Christian tradition

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Christian tradition is a collection of traditions consisting of practices or beliefs associated with Christianity. These ecclesiastical traditions have more or less authority based on the nature of the practices or beliefs and on the group in question. Many churches have traditional practices, such as particular patterns of worship or rites, that developed over time. Deviations from such patterns are sometimes considered unacceptable or heretical. There are certain Christian traditions that are practiced throughout the liturgical year, such as praying a daily devotional during Advent, erecting a nativity scene during Christmastide, chalking the door on Epiphany Day, fasting during Lent, waving palms on Palm Sunday, eating easter eggs during Eastertide, and decorating the church in red on Pentecost. [1] [2]

Contents

Tradition also includes historic teaching of the recognized church authorities, such as Church Councils and ecclesiastical officials (e.g., the Pope, Patriarch of Constantinople, Archbishop of Canterbury, etc.), and includes the teaching of significant individuals like the Church Fathers, the Protestant Reformers, and the founders of denominations. Many creeds, confessions of faith, and catechisms generated by these bodies, and individuals are also part of the traditions of various bodies.

Tradition and ecclesial traditions

The Catholic, Eastern Orthodox, Oriental Orthodox and Persian churches distinguish between what is called Apostolic or sacred tradition and ecclesiastical traditions. In the course of time ecclesial traditions develop in theology, discipline, liturgy, and devotions. These the Church may retain, modify or even abandon. [3] Apostolic tradition, on the other hand, is the teaching that was handed down by the Apostles by word of mouth, by their example and "by the institutions they established", among which is the apostolic succession of the bishops: "this living transmission, accomplished in the Holy Spirit, is called Tradition". [4] "And [Holy] Tradition transmits in its entirety the Word of God, which has been entrusted to the apostles by Christ the Lord and the Holy Spirit." [5]

Prima scriptura is upheld by the Anglican and Methodist traditions of Christianity, which teach that Scripture is the primary source for Christian doctrine, but that "tradition, experience, and reason" can subordinately inform Christian practice as long as they are in harmony with the Bible. [6] [7] In Methodism, sacred tradition refers to "church’s consensual interpretation of the Bible" and in view of the prima scriptura perspective, informs doctrine, such as that regarding infant baptism for example, in which Methodist teaching appeals to Scripture chiefly, along with the teachings of the Church Fathers and early Methodist divines for support of the practice. [8]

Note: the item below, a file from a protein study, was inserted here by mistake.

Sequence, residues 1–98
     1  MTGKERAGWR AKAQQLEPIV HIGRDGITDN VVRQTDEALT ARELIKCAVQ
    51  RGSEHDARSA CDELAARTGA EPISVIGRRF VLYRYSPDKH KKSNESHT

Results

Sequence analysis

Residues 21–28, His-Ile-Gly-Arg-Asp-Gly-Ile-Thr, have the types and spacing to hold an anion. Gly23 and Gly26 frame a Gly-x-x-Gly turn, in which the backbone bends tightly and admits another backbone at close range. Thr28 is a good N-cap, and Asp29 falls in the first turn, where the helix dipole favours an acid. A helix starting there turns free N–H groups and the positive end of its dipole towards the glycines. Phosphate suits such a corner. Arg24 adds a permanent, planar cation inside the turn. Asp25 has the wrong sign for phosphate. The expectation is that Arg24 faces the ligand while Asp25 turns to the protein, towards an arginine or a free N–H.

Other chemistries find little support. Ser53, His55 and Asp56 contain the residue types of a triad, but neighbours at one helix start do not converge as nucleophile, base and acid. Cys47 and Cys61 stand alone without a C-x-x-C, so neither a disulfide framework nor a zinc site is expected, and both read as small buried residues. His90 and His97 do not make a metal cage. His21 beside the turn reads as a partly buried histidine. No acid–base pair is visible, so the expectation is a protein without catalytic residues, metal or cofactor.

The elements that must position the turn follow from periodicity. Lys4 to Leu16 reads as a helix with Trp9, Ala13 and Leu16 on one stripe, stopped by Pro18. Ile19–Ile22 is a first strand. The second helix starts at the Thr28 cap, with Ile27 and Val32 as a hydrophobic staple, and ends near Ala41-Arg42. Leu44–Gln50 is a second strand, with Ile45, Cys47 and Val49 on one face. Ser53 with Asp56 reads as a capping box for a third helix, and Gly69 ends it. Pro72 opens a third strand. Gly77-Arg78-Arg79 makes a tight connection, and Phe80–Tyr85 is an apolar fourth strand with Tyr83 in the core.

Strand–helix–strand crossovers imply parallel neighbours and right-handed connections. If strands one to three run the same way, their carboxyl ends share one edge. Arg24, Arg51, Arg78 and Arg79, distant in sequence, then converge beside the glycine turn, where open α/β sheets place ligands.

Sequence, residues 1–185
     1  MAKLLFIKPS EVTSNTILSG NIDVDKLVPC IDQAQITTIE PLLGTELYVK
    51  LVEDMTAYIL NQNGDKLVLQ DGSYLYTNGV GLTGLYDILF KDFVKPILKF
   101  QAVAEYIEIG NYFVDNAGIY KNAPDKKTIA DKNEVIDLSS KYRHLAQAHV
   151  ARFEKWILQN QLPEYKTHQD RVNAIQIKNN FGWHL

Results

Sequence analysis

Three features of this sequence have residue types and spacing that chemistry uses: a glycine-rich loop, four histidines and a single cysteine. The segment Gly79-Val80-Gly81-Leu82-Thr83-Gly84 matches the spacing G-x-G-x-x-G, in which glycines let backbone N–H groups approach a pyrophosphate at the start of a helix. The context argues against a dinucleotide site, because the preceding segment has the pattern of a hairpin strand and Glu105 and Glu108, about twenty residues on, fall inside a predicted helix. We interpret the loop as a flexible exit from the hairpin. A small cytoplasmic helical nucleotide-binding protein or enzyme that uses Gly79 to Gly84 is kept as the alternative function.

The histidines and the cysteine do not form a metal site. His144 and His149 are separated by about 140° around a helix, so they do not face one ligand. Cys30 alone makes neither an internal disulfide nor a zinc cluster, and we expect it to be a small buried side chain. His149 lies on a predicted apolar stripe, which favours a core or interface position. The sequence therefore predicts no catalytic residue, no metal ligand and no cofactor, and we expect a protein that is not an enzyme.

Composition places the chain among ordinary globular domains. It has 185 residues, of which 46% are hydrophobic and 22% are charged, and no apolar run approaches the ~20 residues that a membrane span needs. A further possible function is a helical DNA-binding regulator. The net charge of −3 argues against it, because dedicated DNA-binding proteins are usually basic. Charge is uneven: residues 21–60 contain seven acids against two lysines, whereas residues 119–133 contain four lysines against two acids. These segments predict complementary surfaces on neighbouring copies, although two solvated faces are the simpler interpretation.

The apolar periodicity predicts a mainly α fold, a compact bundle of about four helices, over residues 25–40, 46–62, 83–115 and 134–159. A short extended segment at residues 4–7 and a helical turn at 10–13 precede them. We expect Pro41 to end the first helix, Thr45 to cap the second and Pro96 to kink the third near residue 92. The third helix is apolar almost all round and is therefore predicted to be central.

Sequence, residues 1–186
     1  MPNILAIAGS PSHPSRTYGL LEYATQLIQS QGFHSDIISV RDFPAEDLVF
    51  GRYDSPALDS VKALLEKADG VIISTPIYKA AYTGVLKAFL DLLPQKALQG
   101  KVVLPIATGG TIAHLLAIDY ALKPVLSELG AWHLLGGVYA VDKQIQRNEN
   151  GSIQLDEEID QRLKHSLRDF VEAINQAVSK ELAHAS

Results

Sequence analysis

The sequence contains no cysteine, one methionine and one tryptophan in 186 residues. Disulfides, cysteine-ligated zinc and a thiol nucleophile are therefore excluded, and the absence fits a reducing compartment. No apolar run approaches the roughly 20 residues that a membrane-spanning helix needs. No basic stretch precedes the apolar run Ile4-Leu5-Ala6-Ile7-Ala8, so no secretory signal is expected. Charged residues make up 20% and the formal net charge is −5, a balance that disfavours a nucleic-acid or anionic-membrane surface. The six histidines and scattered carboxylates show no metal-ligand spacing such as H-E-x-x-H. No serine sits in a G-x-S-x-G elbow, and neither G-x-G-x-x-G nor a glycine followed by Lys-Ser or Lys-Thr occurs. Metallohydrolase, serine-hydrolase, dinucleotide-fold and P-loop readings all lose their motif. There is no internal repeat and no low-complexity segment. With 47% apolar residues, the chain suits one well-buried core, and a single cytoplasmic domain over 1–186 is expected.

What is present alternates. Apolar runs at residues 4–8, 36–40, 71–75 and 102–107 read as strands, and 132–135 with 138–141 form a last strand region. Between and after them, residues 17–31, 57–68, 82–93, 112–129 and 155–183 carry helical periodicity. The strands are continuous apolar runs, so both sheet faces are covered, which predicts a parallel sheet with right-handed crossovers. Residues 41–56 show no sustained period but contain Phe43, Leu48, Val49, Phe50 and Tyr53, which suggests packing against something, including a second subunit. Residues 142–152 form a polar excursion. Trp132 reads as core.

For many denominations of Christianity, included in sacred tradition are the writings of the Ante-Nicene Fathers, Nicene Fathers and Post-Nicene Fathers. [9]

In his book, James F. Keenan reports studies by some Catholic academics. A study by Bernard Hoose states that claims to a continuous teaching by the Church on matters of sexuality, life and death and crime and punishment are "simply not true". After examining seven medieval texts about homosexuality, Mark Jordan argues that, "far from being consistent, any attempt to make a connection among the texts proved impossible". He calls the tradition's teaching of the Church "incoherent". Karl-Wilhelm Merks considers that tradition itself is "not the truth guarantor of any particular teaching." Keenan, however, says that studies of "manualists" such as John T. Noonan Jr. has demonstrated that, "despite claims to the contrary, manualists were co-operators in the necessary historical development of the moral tradition." Noonan, according to Keenan, has provided a new way of viewing at "areas where the Church not only changed, but shamefully did not". [10]

Branches

In the Catholic Church and Eastern Orthodoxy, sacred tradition, but not "ecclesial traditions", is considered official doctrine and of equal authoritative weight to the Bible. In the Anglican and Methodist traditions, sacred tradition, along with reason and experience, inform Christian practice at a level subordinate to Sacred Scripture (see prima scriptura ). [6] Among the Lutheran and Reformed traditions of Christianity, the Bible itself is the only final authority (see sola scriptura ), but tradition still plays an important supporting role. [6] All three groups generally accept the traditional developments on the doctrine of the Trinity, for instance, and set bounds of orthodoxy and heresy based on that tradition. They also have developed creedal and confessional statements which summarize and develop their understanding of biblical teaching.

See also

Related Research Articles

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Apostolic succession is the method whereby the ministry of the Christian Church is held to be derived from the apostles by a continuous succession, which has usually been associated with a claim that the succession is through a series of bishops. Christians of the Roman Catholic, Eastern Orthodox, Oriental Orthodox, Old Catholic, Moravian, Hussite, Anglican, Church of the East, and Scandinavian Lutheran traditions maintain that "a bishop cannot have regular or valid orders unless he has been consecrated in this apostolic succession". These traditions do not always consider the episcopal consecrations of all of the other traditions as valid.